One of the "Lobby's" alleged media manipulators and the publisher of the New York Daily News, Mortimer Zuckerman, said yesterday about being identified in the paper: "I would just say this: The allegations of this disproportionate influence of the Jewish community reminds me of the 92-year-old man sued in a paternity suit. He said he was so proud, he pleaded guilty."
The Walt-Mearsheimer paper, Mr. Zuckerman said, was "wrong and wrong-headed," adding: "Not only do I disagree with the opinions in it, unfortunately, there are a lot of factual errors in it." Still, Mr. Zuckerman, who finances a leadership program at the Kennedy School, said he would not cut his donations to the school in response to the paper, citing principles of "academic freedom."
Also concerned about factual errors in the Walt-Mearsheimer paper was another alleged "Lobby" leader and a former board member of the U.S. Institute of Peace, Daniel Pipes, who has issued on his Web site a public challenge to the scholars to prove claims that Mr. Pipes founded Campus Watch - an organization headed by Mr. Pipes that tracks anti-Israel bias in university Middle East programs - at the behest of the "Lobby." Mr. Pipes said yesterday that he had issued a similar challenge to the London Review of Books, which published a version of the "Lobby" paper.
Mr. Pipes, who also writes a column in the Sun, said yesterday that he had established Campus Watch under his own initiative and said allegations that he had acted on orders from any "Lobby" were "sloppiness, carelessness, fantasy."
Meanwhile, the growing hubbub yesterday over the Walt-Mearsheimer paper also provoked outrage from an unlikely critic who had previously heaped praise on the professors' work. On his "official website," Duke faulted the academics for a lack of originality, writing that "the Harvard report contains little new information."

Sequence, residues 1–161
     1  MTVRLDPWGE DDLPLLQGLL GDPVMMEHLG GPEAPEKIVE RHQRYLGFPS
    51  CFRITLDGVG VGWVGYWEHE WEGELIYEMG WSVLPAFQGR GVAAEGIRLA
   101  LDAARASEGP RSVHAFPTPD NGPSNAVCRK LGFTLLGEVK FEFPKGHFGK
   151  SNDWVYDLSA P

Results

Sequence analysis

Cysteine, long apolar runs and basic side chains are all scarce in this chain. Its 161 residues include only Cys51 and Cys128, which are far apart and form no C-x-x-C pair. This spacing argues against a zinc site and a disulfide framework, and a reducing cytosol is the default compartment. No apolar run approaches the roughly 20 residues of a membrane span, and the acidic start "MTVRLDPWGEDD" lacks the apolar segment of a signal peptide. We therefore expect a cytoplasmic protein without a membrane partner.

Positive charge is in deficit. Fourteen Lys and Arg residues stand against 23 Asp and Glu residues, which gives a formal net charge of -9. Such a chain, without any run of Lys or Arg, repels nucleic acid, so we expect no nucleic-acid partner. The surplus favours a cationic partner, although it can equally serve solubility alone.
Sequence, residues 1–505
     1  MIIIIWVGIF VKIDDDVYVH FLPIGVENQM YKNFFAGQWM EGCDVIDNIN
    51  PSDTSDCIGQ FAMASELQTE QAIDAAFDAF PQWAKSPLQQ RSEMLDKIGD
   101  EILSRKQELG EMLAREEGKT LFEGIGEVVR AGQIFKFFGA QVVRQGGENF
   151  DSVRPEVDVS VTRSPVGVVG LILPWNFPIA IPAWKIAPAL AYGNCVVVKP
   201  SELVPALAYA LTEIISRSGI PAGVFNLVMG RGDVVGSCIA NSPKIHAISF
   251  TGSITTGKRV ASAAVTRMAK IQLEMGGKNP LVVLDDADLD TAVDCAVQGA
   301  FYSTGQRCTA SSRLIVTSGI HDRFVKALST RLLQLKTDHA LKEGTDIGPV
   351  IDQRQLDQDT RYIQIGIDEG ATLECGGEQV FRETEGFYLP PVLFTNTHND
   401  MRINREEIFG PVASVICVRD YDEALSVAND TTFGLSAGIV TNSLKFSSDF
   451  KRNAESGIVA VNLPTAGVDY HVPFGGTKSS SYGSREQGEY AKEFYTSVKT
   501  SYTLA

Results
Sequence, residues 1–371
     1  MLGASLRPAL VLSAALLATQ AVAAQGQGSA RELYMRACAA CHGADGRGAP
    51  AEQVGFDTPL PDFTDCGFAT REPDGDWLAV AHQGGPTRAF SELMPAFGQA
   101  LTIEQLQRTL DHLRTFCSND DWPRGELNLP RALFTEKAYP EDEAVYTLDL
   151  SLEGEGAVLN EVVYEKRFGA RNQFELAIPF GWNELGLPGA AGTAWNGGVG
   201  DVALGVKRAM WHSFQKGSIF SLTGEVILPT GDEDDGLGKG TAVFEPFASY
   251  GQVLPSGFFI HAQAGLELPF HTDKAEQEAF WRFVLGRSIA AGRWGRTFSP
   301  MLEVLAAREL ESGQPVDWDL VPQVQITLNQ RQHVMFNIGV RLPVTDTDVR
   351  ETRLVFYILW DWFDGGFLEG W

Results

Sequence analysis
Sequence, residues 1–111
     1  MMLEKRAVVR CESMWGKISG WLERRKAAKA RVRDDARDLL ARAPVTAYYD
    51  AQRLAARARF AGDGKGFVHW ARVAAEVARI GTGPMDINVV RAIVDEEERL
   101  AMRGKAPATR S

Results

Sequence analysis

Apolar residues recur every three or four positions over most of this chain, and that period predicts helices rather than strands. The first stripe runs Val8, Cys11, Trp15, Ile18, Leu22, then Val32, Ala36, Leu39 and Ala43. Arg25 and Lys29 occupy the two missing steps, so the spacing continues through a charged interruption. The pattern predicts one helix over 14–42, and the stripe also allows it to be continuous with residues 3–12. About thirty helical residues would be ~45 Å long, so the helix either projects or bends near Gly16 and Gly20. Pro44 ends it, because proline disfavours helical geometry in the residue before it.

"I and a few other American commentators have for years been making the same assertions as this new paper," the anti-Semite continues. "The great thing is that now the most prestigious school of government in the United States has adopted the same position that I took even before the start of the Iraq War, that Jewish extremists have taken over America's foreign policy, harm America's interests on behalf of Israel, and are the driving force behind the Iraq War and America's disastrous Mideast policy."
Duke also lambastes the Sun for its critical coverage of the Walt-Mearsheimer paper, opining: "Although the Sun and many other mainstream publications have attacked this new report, in actual fact the report does not go nearly far enough in exposing the perfidy of Israel and its fifth columnists in America."
William Rapfogel, CEO of the Metropolitan Council on Jewish Poverty, said the Sun "should be commended for exposing the Harvard Kennedy School's entry into the contest to succeed the Protocols of the Elders of Zion. To imply, as the report does, that there is a disloyal American Jewish population is a disgrace that Harvard and Kennedy should disassociate from immediately."
Last night Dean Walt responded to the furor his paper has caused:
"I have discussed your inquiry with my co-author, Professor Mearsheimer," he told the Sun." We appreciate the invitation to respond to the comments, but prefer not to."